Yes, we want to capture clear and stunning photos, but sometimes showing motion is the very thing that adds interest to a photo and makes it transcend a sterile documentation of an object.

I could have photographed this roulette wheel with an on-camera flash and a normal or fast shutter speed and documented it, but that’s all it would be – a nice clear picture of a roulette table. The numbers on the wheel would all be visible and static; the marble would hover on the edge, appearing to be stationary.

Instead, I opted to try and capture the excitement of the game by using a higher ISO (800) which allowed me to use ambient light instead of an on-camera flash. I also used a fairly wide aperture (f4.5) to keep most of the table out of focus and a slow speed (1/8th of a second) so that the wheel would move during the exposure.

Had I more time, I would have worked on perfecting this shot by using a tripod instead of hand-holding, but I did this during a party I was hired to photograph and didn’t have more time to spend on it. Even as is, I think it tells a much better story than snapping a crisp, yet boring image. It’s more dynamic now, since it captures the action of the game.

So allow motion to be recorded in your photographs when it makes sense. After all, photography captures the passing of time within a two-dimensional plane.

Image copyrighted. Any use requires licensing from Martha Lochert.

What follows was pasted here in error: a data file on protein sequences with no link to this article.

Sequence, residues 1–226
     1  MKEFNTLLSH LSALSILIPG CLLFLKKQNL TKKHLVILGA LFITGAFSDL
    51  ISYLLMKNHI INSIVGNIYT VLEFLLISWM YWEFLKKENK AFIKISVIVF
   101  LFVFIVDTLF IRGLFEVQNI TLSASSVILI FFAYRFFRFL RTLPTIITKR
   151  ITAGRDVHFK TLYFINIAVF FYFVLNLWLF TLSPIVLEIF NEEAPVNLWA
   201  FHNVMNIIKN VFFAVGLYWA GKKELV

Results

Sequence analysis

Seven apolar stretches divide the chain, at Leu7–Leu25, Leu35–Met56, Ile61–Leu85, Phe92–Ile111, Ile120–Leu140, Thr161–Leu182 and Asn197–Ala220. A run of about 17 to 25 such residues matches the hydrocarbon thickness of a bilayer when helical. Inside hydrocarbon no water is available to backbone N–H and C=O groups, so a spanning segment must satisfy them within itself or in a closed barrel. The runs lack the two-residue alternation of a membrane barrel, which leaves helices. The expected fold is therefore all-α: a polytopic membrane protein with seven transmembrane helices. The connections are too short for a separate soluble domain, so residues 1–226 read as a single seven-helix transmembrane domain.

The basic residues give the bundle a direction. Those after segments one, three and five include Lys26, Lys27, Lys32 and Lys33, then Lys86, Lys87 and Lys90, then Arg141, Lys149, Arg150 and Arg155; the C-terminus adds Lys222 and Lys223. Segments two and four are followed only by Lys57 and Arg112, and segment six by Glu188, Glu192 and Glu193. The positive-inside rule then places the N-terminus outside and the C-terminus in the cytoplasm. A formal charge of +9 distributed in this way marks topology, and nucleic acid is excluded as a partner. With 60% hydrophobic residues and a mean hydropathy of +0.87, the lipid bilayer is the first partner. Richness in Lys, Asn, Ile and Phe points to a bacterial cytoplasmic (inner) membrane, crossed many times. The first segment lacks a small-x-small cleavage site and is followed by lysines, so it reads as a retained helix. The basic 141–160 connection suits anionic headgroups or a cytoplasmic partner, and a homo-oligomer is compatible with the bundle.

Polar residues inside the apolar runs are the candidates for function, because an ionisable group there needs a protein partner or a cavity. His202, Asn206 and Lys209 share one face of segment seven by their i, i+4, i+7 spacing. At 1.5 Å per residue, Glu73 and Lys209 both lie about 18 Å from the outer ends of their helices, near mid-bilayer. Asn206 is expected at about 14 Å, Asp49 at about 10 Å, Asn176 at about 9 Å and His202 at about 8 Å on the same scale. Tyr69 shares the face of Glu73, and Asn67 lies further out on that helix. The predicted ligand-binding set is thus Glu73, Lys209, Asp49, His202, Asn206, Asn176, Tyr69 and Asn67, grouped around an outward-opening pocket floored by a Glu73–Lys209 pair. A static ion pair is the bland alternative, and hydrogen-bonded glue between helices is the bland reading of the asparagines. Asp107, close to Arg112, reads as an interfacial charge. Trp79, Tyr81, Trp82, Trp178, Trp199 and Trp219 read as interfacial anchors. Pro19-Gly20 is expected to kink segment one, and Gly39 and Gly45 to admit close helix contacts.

You Don’t Have Tinnitus – It’s Just the Cicadas

Photo of a cicada by Tucson photographer Martha Lochert.

A friend of mine posted on Facebook this morning about how the sound of the bugs (she thought it was the June Bugs) was driving her nuts. I informed her that that piercing buzz was coming from the cicadas, whose ringing fills the air every summer in the desert, as they are on an annual cycle. Some cicadas (male and female) move their wings together to make sounds, but the stereotypical buzz is from them flexing their tymbals (a drum-like organ in their abdomens).

Broods in other parts of the country are on a periodic cycle, only emerging every 17 years! According to CNN the northwest is experiencing a huge influx of cicadas after their brood emerges from its 17-year cycle. There are also proto-periodical broods which are active every year, but on certain years come out in extra large numbers.

The cicadas only live two to four weeks after emerging, so those who can’t stand their song, have patience, while the photo geeks have fun finding and photographing them!

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Photographing Ceramics

Joni7456 Joni9980

Somebody asked me how to photograph ceramics. There’s not one answer to that question.

Here are a few samples of options I have chosen.

The first is a Raku urn by Joni Pevarnik that I photographed. I placed that on a 6 foot piece of textured art board, curved to create a seamless background, and added a diagonally projected background light to add drama. That had lights above and to the sides in front.

The clay art piece, also by Joni Pevarnik, had a lot of textural “folds” so I lighted that from above and behind with a huge (approx. 4 foot) soft box and bounce cards to fill the front. There were no lights in front. This created a beautiful soft light quality and showed the roundness of the base, by allowing the bottom to be in shadow. I also threw in a small light at the right to keep the background from going too dark, placing it behind the piece, but such that some of the light would spill onto the edge to create a bit of rim light. For this one, white foam core was placed under the piece to bounce light up and a vertically hung gray background placed in the back – with a gap of about four feet between.

There are many ways to photograph ceramics; these are but a few.